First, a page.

As the water from the Tennessee River meets the Ohio River and empties into the mighty Mississippi, a moist, swampy environment is created. In River Journey's Discovery Hall visitors explore the humid, damp habitats of the Southeast region, as tiny alligators and a variety of tree frogs chirp and call.

With instrumental bluegrass music in the background, guests explore an underwater world where vibrantly colored sunfish float like jewels or peek into the swamp nursery where baby alligators bask. They can also reach out and touch an ancient-looking lake sturgeon that once ruled the rivers of Tennessee in a unique touch exhibit.

In addition, visitors can get an up-close look at the strange, spatula-shaped snout of the paddlefish and the huge claws of the painted river prawn to learn about their adaptations. Also, they can see the nation's largest salamander, the hellbender, which breathes through its skin and uses its lungs as flotation devices.

Mississippi Delta
The Mississippi Delta Country gallery in the River Journey building examines the final leg of the water's journey as it slows in the Mississippi River to meet the Gulf of Mexico. Often perceived as a land of stagnation, the re-created cypress swamp is actually a virtual river of trees.

Visitors proceed along the boardwalk in this exhibit to see animals like the extraordinarily large alligator snapping turtle, red-bellied turtles and American alligators slosh through the swampy waters amidst a tangle of tree trunks, vines and hanging moss. Bowfin, bass and sunfish swim in the shallow pools while herons patrol the shoreline.

Gulf of Mexico
As the Mississippi pours into the open ocean it joins with the Gulf of Mexico. In this River Journey exhibit, visitors view large cross-sections of transitional area. Green moray eels and small reef fish hide among the mangrove roots while colorful yellow snapper, southern stingrays and silvery barracuda glide gracefully through the deeper waters of this exhibit. The Gulf of Mexico contains creatures of all shapes and sizes, including more than 40 species of fish and a green sea turtle. This exhibit also features exotic creatures like the snake-like green moray eel and the small bonnethead shark, which resembles a tiny version of the looming hammerhead shark.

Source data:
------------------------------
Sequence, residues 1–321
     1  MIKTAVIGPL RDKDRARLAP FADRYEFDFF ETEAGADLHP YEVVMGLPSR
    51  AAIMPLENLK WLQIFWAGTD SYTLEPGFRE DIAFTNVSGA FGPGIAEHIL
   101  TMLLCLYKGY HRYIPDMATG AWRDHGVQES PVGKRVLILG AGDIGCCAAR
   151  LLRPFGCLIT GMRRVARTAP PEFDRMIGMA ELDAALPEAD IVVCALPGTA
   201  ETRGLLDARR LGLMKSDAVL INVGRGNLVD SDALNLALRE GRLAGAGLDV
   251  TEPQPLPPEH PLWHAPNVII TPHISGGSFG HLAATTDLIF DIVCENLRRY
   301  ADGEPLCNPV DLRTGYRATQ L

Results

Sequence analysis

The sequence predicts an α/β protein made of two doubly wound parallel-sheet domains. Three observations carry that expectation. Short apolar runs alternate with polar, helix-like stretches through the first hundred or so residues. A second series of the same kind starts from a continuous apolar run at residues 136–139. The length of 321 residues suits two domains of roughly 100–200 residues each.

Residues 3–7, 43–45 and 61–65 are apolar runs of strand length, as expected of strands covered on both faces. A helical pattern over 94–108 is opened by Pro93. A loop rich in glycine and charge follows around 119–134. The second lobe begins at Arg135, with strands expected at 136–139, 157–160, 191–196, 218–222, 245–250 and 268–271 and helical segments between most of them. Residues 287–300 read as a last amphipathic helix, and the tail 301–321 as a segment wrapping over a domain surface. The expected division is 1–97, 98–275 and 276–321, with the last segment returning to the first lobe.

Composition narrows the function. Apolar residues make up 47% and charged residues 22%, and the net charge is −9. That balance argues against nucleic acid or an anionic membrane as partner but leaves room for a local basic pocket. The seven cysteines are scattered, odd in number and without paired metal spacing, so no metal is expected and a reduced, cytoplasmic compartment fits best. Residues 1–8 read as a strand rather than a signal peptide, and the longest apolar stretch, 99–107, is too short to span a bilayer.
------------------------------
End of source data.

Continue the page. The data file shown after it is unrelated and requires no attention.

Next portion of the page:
Secret Reef
A bit further into the blue depths of the ocean, about 115 miles south of Texas, an exotic, multi-colored coral environment teems with life. This reef system, the Flower Garden Banks National Marine Sanctuary, is the northernmost reef in North America and is inspiration for the Secret Reef exhibit in the Aquarium’s new Ocean Journey building.

In the exhibit, the beautiful coral formations are artificial mimics of the Flower Garden Banks, and the conditions of the exhibit are carefully monitored by the staff.

Perfectly depicted in a gallery with mystical, underwater music, this exhibit features the Aquarium’s most jaw-dropping animals: toothy, 10-foot, sand tiger sharks. In addition, guests can watch in amazement as thousands of smaller reef fish swim about, like the beautiful queen angelfish and famous dark blue, black and neon yellow blue tang. Like the animals in the actual Flower Garden Banks reef system, the smaller fish in the exhibit tend to stay close to the reef formations. Meanwhile the larger, open-ocean animals, such as the sleek sandbar sharks and robust Crevalle jacks, swim above.

Dive shows take place each day in the Secret Reef  at 11 and 11:30 a.m. and 2 and 2:30  p.m.

Undersea Cavern
The adventure continues as visitors make their way further into the depths of the Secret Reef in Ocean Journey. A wonder in itself, the Undersea Cavern provides breathtaking, panoramic views of the Secret Reef.

Visitors feel as if they are floating in a bubble deep in the ocean while surrounded by thousands of curious saltwater creatures, like colorful fish and enormous sharks, in a fantastic, brightly-colored coral setting. As they make their way though the cavern, they can view bottom feeders and observe the behaviors of mysterious saltwater life as if they were actually deep-sea divers. Visitors are amazed when 10-foot sharks swim slowly above their heads and schools of darting fish move to and fro in every direction around them.

The remarkable journey continues to other parts of the world:

Rivers of the World